Favorite beers: Blandford highlights the Biggest Small Beer Ever, a recent collaboration with 110 breweries all over the country. It was a fundraiser for Declaration co-founder Dr. Paul Ogg, who was diagnosed with an aggressive cancer shortly after the brewery opened in 2015. The recipe was Ogg's favorite from his homebrewing days.
When they're not sampling their own suds, the Declaration crew gravitates to the distilleries in the surrounding Overland neighborhood. "Our go-to is Bear Creek Distillery," says Blandford. "I will put dbo's cocktails against anybody in the city if not anyone in the country."
Challenges: "Capital for growth is always a challenge," says Blandford. "Meeting demand is a challenge."
"And you have to have quality, too," interjects Schlichting. "Quality is the biggest thing going on in the beer world right now."
Opportunities: "There's a lot of opportunity in the mountains," says Blandford. He also points to the planned launch of Liberty Craft Beverage Company to distribute craft beer from Declaration and other local breweries to accounts in Colorado.
Yeast and lab services are additional opportunities. Under the guidance of Ogg -- who has worked tirelessly to catalog wild yeasts from all over the world and discovered new species of Archaea in the process -- Declaration propagates all of its own yeast in-house, and has a growing library of strains in its lab.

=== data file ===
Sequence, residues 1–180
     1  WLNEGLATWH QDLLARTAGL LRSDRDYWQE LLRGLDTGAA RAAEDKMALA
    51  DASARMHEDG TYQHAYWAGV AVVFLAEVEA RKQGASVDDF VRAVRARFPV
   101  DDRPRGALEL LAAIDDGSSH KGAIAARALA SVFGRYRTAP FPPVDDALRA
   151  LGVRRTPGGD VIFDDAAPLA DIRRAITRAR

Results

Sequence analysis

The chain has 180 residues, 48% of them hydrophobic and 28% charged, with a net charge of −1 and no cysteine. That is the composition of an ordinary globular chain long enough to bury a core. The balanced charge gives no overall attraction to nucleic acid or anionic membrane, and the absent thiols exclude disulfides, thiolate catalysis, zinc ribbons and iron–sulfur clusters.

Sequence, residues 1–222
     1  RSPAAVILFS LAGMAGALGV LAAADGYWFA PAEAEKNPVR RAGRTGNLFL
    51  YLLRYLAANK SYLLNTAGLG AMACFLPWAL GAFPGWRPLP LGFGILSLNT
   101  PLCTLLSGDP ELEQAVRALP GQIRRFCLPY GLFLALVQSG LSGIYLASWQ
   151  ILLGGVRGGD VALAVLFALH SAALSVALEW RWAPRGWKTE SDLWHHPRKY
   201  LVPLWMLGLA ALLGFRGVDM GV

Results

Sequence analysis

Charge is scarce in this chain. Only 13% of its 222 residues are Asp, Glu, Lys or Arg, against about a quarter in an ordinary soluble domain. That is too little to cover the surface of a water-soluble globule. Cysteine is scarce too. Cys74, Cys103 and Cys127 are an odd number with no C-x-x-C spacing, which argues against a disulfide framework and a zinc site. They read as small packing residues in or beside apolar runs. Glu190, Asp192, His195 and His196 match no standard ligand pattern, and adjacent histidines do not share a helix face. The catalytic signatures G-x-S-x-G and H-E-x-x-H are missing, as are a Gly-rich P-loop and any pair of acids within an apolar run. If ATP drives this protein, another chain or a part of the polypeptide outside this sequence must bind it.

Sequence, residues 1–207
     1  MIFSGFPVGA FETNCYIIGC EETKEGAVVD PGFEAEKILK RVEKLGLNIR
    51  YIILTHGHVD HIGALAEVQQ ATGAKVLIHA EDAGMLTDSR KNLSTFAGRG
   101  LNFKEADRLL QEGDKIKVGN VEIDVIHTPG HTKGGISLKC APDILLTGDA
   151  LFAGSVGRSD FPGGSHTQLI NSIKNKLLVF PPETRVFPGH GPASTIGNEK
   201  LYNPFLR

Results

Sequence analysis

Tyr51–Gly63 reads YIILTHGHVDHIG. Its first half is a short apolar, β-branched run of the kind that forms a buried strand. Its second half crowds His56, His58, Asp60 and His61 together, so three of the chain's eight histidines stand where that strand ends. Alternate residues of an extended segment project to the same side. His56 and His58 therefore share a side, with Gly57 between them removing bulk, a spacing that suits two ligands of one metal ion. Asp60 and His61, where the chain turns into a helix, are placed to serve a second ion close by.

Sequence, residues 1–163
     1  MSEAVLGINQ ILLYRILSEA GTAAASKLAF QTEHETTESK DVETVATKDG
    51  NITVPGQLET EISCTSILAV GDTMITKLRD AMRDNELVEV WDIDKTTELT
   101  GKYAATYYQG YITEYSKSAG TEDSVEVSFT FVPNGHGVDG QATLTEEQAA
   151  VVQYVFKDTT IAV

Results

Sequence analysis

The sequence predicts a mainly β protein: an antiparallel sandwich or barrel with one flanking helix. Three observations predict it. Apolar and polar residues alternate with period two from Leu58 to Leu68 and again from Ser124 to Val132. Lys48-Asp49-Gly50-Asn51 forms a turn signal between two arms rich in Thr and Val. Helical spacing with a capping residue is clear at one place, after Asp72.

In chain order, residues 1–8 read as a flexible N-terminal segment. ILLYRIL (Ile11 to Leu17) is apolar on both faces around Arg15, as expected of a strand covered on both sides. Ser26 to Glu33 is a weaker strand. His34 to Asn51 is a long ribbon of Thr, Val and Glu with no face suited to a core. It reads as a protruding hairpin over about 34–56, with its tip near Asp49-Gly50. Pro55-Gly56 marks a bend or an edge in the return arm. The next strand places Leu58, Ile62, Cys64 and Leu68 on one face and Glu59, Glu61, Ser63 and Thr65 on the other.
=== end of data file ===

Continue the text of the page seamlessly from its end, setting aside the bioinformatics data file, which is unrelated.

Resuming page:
"We haven't bought a pinch of yeast from a supplier in almost a year," says Blandford. He touts the purity and viability of Declaration's yeast: While most suppliers claim that 90 percent of the organisms are alive in a given sample, Blandford says, "We've looked at samples where we haven't been able to find a single dead cell." As Schlichting says it makes for faster and better fermentation, the plan is to market yeast to local craft breweries.
"We're going to offer lab services to everybody," adds Schlichting. "We have the background -- I was working in a lab for about eight years before we opened." He adds, "We don't want to charge people too much. It's a friendly industry -- we're the anomaly."
Needs: "Finding good people," says Blandford. "I'd put that in the top three, if not number one."